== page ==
Deep-Fried Breadfruit (www.ruchikrandhap.com)
Curries are one of the most popular dishes in Maldivian cuisine and vary from fish and chicken curries to vegetable curries, rich with spices and exotic flavors. Top of the curry dishes is Mas Riha, which is made with diced fresh tuna, coconut, peppers, and plenty of fresh chilies, while a chicken curry known as Kukulhu Riha is also a favorite filled with a different mixture of spices.
Vegetable curries are also on the menu and include delicious non-meat ingredients such as eggplant (bashi), pumpkin (barabō), tora, chichanda, and muranga, as well as unripe green banana, coconut milk and a curry paste blended with onions, herbs, spices and chili peppers. Curries are usually eaten with steamed rice or with roshi or chapati (unleavened flatbread).
Maldivian Fish Curry
Maldivian cuisine also features a variety of delectable specialty dishes, prepared with fresh fish, chicken and meat, and fresh local fruits and vegetables.
Mas huni is a famous tuna salad with coconut that is traditionally eaten for breakfast with chapati bread. The fresh, spicy dish is made with tuna, coconut, chili, and onion, blended, seasoned and served with chapati bread.
Mas huni – tuna salad with coconut
Garudhiya (Maldivian fish soup) is a favorite dish eaten by Maldivians almost every day. Served hot with rice, lime and plenty of chilies, the soup is packed with fresh raw tuna and chopped chili, with a dash of lime.
Kulhi boakiba or fish cakes have been eaten by Maldivians for thousands of years, particularly on special occasions like festivals and feasts. Prepared with smoked tuna, grated coconut, chopped chili peppers, ginger and rice, the fish cake is also eaten as a short-eat during evening tea.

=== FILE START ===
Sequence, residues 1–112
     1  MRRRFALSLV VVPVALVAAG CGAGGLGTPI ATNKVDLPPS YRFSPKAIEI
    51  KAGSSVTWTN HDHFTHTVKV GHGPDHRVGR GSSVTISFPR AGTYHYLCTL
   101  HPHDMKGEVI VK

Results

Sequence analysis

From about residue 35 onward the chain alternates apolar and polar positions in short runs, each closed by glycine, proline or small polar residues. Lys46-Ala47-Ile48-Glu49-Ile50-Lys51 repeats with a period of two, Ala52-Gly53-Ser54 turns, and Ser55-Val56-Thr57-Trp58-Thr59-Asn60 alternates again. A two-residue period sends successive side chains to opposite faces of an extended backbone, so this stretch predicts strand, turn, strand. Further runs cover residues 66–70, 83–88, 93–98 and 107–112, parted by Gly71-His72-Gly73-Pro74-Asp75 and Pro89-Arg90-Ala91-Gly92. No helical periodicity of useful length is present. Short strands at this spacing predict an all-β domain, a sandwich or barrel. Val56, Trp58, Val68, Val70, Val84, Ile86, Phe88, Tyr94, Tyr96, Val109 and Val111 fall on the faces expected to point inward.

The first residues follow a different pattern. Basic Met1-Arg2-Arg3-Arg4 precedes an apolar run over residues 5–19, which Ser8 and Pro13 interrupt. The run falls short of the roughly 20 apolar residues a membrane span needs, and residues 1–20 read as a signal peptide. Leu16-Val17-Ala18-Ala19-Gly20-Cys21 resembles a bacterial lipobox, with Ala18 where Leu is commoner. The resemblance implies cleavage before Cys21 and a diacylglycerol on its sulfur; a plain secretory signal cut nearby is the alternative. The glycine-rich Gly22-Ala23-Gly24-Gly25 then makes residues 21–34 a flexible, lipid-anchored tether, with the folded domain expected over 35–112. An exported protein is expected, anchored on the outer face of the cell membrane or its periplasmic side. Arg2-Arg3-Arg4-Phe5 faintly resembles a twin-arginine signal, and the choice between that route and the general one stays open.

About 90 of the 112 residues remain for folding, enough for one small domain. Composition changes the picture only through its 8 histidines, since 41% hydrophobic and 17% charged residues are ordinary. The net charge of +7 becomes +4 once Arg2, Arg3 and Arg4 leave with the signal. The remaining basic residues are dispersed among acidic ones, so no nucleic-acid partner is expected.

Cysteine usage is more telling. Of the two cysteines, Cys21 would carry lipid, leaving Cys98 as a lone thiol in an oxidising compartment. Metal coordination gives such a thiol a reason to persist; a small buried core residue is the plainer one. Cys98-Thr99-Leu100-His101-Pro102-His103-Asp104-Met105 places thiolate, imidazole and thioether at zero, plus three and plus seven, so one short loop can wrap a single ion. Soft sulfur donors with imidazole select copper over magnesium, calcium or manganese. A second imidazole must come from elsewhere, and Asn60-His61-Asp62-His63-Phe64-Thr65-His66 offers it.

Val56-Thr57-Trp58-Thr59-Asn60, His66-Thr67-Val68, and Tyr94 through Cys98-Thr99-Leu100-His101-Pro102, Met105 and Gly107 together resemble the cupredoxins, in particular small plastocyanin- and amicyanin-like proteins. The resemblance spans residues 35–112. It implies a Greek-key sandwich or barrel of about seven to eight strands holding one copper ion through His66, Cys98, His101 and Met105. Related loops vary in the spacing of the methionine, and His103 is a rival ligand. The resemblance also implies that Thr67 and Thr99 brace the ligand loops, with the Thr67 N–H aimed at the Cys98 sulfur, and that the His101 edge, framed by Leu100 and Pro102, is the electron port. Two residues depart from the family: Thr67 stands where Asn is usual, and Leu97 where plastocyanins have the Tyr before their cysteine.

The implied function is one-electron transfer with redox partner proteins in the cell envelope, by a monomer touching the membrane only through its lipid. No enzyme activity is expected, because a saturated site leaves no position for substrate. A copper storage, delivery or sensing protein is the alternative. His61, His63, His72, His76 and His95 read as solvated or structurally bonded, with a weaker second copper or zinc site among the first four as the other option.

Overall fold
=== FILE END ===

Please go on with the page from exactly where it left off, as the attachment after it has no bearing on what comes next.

Handulu Bondibai (sweetened sticky rice) is a unique dessert made for extra special occasions like the birth of a child. Eaten with ‘kulhimas’ or ‘bondibai’ (breadfruit, sago or rice parcels), this sweetened sticky rice dish is distributed to all households in the islands.
Other special Maldivian dishes include:
Banbukeylu harissa – a curry of steamed breadfruit, chili, onion, and coconut.
Bis keemiyaa – a pastry filled with tuna and hardboiled egg.
Hedhikaa – traditional snacks, or ‘short eats,’ such as samosas, sold by small cafés.
Garudhiya – a fish broth prepared using chilies, onion and lemon juice.
Rihaakuru – a brown paste made from concentrated fish stock.
Mas huni – mashed tuna mixed with coconut, chili, and onion and served for breakfast with roshi (chapati).
Roshi (chapati) –unleavened flatbread.
Thelui mas – spicy fried fish such as grouper, swordfish, jobfish or octopus.
Kavaabu – deep-fried snacks made from rice, tuna, coconut, lentils, and spices.
Kavaabu – deep-fried banana snacks
Dhon Riha – tuna curry with coconut, mango, cinnamon, and ginger.
Dhonkeyo Kajuru – a fried banana cake flavored with rose water or vanilla.
Sai – a Maldivian tea.
Raa – a toddy tapped from palm trees, sometimes left to ferment and thus slightly alcoholic – the closest any Maldivian gets to alcohol.
The small, motorcycle-packed lanes of Malé are lined with tiny roadside eateries and bustling markets that serve a variety of mouthwatering street food and local delicacies such as bajiya – a sweet pastry stuffed with fish, coconut and onions; kulhi borkibaa – spicy fish cakes; gulha – sweet pastry balls filled with smoked fish; theluli mas – fried fish with chili and garlic; and kavaabu – deep-fried snacks made from rice, tuna, coconut, lentils and spices.
Maldivian Street Food
Article by Mia Russell©